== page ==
The last mission ofYamato it was the Operation "Ten-Go" (the last sortie of the Japanese Imperial Navy), organized following the invasion of Okinawa (1 April 1945). The fleet, under the command of Vice-Admiral Seiichi Ito (1890-1945), which included Yamato a light cruiser and eight destroyers, was sent to attack the American fleet that supported the landing in the western part of the island. The aim was to remove the aircraft carriers from Okinawa to facilitate the attack of the kamikaze against the invasion fleet (about 1.500 ships) that supported the landing. If he could reach Okinawa, the Yamato he would have had to go and run aground between Hagushi and Yontan and fight to the end as a coastal battery, in support of the island's defenders. Intended as a suicide mission, the unit was supplied with sufficient fuel for the one-way trip; however, the Tokiuyama fuel depot, bravely, ignored the orders and provided much more fuel to the team. There Yamato and his escort left the port of Tokuyama on the afternoon of 6 April 1945. On the morning of the April 7 the team was spotted at the exit of the Inland Sea of Japan by two US submarines and an aircraft carrier scout Essex. Around midday, a force of nearly 400 American planes from the 58 Task Force, in successive waves, attacked the Japanese units. At 12: 41 la Yamato she was hit by the first two bombs. Overall hit by at least 13 torpedoes and 10 bombs, before the NXXXX ammunition depot exploded towards the 14: 20. The ship leaned on its left side and sank, missing about 1 miles to Okinawa. The sinking was rapid also due to the almost contemporary detachment of the three main towers, unhinged from the bridge by their own enormous weight. In the sinking they lost their lives about 370 men and there were only surviving 2.375s. Of the ships of his escort four were sunk and five, severely damaged, were forced to return to Japan. The American losses were 269 airplanes and 10 pilots. The wreck lies about 12 meters deep and has been explored in the 300 and 1985.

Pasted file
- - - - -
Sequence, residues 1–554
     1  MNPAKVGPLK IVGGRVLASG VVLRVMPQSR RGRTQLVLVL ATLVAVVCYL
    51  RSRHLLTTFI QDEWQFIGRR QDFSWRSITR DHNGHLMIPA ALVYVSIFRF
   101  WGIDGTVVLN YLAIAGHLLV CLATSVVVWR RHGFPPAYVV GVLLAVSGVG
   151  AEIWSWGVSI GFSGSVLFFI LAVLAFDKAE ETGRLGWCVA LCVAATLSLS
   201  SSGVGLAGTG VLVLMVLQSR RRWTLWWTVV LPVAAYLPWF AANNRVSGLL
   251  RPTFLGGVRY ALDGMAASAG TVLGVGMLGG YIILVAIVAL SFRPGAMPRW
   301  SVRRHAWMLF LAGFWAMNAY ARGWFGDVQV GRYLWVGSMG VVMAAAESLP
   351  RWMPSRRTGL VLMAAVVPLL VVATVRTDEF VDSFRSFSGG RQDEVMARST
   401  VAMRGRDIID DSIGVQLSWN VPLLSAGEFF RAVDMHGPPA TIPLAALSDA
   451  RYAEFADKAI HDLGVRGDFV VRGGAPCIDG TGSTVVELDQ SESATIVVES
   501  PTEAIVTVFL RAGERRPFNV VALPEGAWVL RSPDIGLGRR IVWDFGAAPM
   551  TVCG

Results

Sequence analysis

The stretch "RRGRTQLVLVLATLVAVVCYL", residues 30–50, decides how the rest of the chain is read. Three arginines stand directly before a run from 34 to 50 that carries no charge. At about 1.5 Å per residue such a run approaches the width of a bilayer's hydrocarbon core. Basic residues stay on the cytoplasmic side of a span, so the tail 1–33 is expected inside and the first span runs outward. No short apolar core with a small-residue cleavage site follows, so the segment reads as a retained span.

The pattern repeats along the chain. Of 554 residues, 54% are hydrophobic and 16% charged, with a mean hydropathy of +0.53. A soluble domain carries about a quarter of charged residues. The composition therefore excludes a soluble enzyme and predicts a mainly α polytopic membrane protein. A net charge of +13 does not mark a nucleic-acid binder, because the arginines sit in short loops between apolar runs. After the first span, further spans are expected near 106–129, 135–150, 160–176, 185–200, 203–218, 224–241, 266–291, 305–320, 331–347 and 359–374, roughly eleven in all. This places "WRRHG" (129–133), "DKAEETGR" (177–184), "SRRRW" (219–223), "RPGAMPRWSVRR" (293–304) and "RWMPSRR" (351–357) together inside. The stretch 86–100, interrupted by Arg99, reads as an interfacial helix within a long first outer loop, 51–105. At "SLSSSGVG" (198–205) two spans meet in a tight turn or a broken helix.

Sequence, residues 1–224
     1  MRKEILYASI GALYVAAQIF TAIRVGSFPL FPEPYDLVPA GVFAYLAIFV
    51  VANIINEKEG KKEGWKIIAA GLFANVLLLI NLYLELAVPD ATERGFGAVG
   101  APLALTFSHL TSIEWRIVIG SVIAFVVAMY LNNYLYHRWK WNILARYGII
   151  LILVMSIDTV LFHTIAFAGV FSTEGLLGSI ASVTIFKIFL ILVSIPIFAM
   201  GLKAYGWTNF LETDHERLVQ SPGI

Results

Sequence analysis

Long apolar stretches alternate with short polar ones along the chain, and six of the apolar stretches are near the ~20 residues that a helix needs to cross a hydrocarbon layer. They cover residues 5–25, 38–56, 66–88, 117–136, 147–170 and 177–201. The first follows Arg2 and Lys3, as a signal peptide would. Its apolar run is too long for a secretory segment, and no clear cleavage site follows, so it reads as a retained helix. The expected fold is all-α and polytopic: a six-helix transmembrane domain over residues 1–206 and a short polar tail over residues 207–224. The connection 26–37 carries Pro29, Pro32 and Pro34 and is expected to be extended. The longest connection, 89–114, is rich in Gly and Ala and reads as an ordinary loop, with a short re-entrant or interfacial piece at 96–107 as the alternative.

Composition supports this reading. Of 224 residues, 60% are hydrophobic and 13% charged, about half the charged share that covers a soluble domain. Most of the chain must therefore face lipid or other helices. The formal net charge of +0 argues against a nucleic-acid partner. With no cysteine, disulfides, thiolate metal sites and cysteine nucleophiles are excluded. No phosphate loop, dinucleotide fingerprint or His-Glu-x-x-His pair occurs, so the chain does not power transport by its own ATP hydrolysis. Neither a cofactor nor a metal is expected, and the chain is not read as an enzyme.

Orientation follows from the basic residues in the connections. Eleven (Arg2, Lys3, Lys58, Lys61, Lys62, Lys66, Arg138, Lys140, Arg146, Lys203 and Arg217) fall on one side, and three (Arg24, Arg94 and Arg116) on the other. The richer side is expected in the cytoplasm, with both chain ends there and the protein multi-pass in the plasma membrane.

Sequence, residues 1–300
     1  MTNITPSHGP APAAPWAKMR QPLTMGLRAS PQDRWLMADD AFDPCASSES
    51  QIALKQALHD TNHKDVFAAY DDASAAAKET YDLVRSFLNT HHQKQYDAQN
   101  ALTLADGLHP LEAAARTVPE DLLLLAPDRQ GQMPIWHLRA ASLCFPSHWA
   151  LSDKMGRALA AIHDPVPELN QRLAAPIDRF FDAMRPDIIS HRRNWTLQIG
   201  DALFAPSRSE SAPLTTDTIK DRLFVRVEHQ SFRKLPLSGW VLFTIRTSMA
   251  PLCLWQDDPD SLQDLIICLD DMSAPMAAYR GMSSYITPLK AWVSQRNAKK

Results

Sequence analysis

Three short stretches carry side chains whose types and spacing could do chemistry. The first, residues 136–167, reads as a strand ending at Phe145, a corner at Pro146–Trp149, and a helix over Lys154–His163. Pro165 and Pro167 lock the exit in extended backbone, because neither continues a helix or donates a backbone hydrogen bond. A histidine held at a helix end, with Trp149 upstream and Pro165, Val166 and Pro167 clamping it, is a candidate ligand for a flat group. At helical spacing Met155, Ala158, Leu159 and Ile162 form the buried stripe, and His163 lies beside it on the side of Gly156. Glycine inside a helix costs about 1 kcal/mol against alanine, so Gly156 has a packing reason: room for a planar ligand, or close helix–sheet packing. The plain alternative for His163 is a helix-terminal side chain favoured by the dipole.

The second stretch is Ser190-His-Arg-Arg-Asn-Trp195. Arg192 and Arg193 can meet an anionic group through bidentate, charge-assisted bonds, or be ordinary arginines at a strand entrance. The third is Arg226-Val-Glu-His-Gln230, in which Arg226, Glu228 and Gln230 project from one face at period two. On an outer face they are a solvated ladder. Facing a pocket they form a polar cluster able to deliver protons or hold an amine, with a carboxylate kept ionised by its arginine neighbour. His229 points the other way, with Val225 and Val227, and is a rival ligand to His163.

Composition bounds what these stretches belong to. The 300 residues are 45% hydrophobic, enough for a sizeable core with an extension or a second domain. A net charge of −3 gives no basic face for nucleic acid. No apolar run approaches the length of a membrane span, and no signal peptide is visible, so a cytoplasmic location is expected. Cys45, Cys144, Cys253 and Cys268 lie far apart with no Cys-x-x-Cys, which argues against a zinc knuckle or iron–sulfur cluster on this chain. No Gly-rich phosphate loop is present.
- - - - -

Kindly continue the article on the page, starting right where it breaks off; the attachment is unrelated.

In June 1937 engineers from the Mitsubishi shipyard in Nagasaki received orders to begin preparations for the construction of a battleship. Built under the strictest measures of secrecy, including the erection of large screens to hide the building at the US embassy located opposite the port, the battle ship was set on November 1 1940 and spent nearly eighteen months under construction. The launch date was revised several times to allow the modifications required by the Navy, including a larger armor on the 155 mm turrets and the installation of additional communications systems. Launched the 5 on August 1942, the Musashi he went to the Truk archipelago, where he became the flagship of Admiral Isoroku Yamamoto. After his death, the 18 April 1943, the Musashi he transported his ashes to Japan. He returned the 5 1943 on August 10 and stayed there until 1944 February 29. The 1944 March XNUMX was hit by a torpedo of theUSS Tunny and had to return to Japan for repairs and modifications to his anti-aircraft armament. During the battle of the Gulf of Leyte, together with the Yamato, was part of the central force of Vice Admiral Takeo Kurita (1889-1977). In this battle, the 24 October 1944, was attacked in the sea of Sibuyan by aircraft of American ships: the first contact with enemy planes occurred at 10: 27 when eight SB2C Helldiver bombers, coming fromUSS Intrepid, attacked the ship with bombs from 227 kg. Wave after wave attacks from aircraft carriers USS Intrepid, Essex and Lexingtonships that proved successful in the Pacific War, centered the ship with 17 bombs and 20 torpedoes. There Musashi he tipped over to the port and sank to the 19: 25 of the 24 October, bringing with him more 1.000 than his 2.399 crew members; 1.376 men were rescued by destroyers Kiyoshimo e Shimakaze.
Thus ended, almost without fighting, the history of these great ships, wanted in the perspective of a naval policy that was still based on the principles of the early twentieth century. The Pacific War showed that on large spaces, and without being able to rely on naval bases, the winning weapon was the aircraft carrier and its air force on board.